If you have any access to a plug at the cabin, you just need the Mobile Connector that came with the car. Using a 120V wall outlet will make sure that you can add a little bit of charge and you won't have to worry about losing range while you're there.

 

doghousePVD

My grandfather’s car
Dec 3, 2018
650
600
New England, USA
Keep in mind the 5-15 120V charger adds only a trivial amount of energy. Overnight adds at best about 40 miles, depending on weather, Sentry off, car is not woken unnecessarily, etc. It mostly is a break even with vampire discharge.
 
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Ostrichsak

Active Member
Sep 6, 2018
3,628
4,196
Colorado, USA
Keep in mind the 5-15 120V charger adds only a trivial amount of energy. Overnight adds at best about 40 miles, depending on weather, Sentry off, car is not woken unnecessarily, etc. It mostly is a break even with vampire discharge.
Based on the average owner's commute, this "trivial" 40 miles would make it so that the average driver would need only charge once every 2-3 days. I would hardly call that trivial. I would recommend plugging in every night anyway if that's your only method just to be safe but the point is that it's more than adequate. Most vampire drain will be 10-15% of that rate which still makes charging every other day plenty for the average commute. As long as the owner's commute doesn't exceed the ~40mi round-trip by too much this solution is viable assuming the ability to recover whatever small amount above that that's used each day on the weekends.

We're so jaded by the faster options that this most universal method seems pointless by comparison but you'd be surprised by how many owners are functioning just fine on 15A/120v for daily use. For many users, it works just fine. For lots of users it would be cost prohibitive to add a 50A/240v to the point where ownership may not make sense. Often times it's due to the relation of electrical service to vehicle location or many other factors. It's doing a disservice to these potential owners to make it seem like 15A/120v can't possibly meet their needs if that's all they have available.

Sure it's not ideal but it's perfectly serviceable so long as you fall within and plan properly for the limitations of said solution. I still tell everyone I know who's thinking about getting one to plan for a 50A/120v if possible but there are other options if adding that is cost prohibitive.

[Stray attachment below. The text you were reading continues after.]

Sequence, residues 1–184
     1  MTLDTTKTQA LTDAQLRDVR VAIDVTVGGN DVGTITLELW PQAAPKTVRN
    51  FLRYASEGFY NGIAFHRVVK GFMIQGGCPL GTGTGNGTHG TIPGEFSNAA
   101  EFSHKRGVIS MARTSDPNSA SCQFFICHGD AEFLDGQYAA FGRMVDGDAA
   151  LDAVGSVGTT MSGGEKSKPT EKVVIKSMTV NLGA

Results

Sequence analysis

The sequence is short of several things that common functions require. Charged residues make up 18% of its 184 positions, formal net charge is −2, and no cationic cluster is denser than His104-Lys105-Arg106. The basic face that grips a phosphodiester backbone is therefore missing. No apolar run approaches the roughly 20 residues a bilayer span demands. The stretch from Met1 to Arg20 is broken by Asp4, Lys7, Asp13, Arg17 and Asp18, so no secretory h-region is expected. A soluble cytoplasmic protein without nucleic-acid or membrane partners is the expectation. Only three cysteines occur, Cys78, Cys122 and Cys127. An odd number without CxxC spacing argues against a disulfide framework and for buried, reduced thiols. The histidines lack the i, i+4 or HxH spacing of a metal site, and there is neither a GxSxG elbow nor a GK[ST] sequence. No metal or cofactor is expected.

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mociaf9

Active Member
Oct 18, 2018
2,884
5,957
CA
We're so jaded by the faster options that this most universal method seems pointless by comparison but you'd be surprised by how many owners are functioning just fine on 15A/120v for daily use. For many users, it works just fine. For lots of users it would be cost prohibitive to add a 50A/240v to the point where ownership may not make sense. Often times it's due to the relation of electrical service to vehicle location or many other factors. It's doing a disservice to these potential owners to make it seem like 15A/120v can't possibly meet their needs if that's all they have available.

Sure it's not ideal but it's perfectly serviceable so long as you fall within and plan properly for the limitations of said solution. I still tell everyone I know who's thinking about getting one to plan for a 50A/120v if possible but there are other options if adding that is cost prohibitive.
Totally agree with the underlying point. But for many of the people who are relying on 120V/15A, they could very easily switch to 240V/20A (or 240V/15A) because often times the wires to the outlet in the location they are using are already sufficient to provide this without need for rewiring. You can get up to ~3x improvement in effective charging speeds for basically the cost of a new two-pole breaker, a new receptacle, and a new UMC adapter for a NEMA 6-20 receptacle. Total project cost is maybe $35 plus the cost of the adapter.
 

Albert E

Member
Mar 21, 2021
12
2
Dallas
This trip doesn't look like much of a problem. I just plugged it into aBetterRoutePlanner.com and there is a Supercharger on the way in Henrietta, directly on the way from Dallas to Lawton through Wichita Falls. If you charge to 86% in Henrietta, you should be able to make it to Lawton and back to Henrietta.

If you have any access to a plug at the cabin, you just need the Mobile Connector that came with the car. Using a 120V wall outlet will make sure that you can add a little bit of charge and you won't have to worry about losing range while you're there.

Thank you for the advice.
 

Ostrichsak

Active Member
Sep 6, 2018
3,628
4,196
Colorado, USA
Totally agree with the underlying point. But for many of the people who are relying on 120V/15A, they could very easily switch to 240V/20A (or 240V/15A) because often times the wires to the outlet in the location they are using are already sufficient to provide this without need for rewiring. You can get up to ~3x improvement in effective charging speeds for basically the cost of a new two-pole breaker, a new receptacle, and a new UMC adapter for a NEMA 6-20 receptacle. Total project cost is maybe $35 plus the cost of the adapter.
Agreed. This is a great option with minimal investment of time and money if the infrastructure will allow & the owner is able to install or has access to someone who will do so inexpensively.
 

KD5MDK

Member
Oct 8, 2012
73
12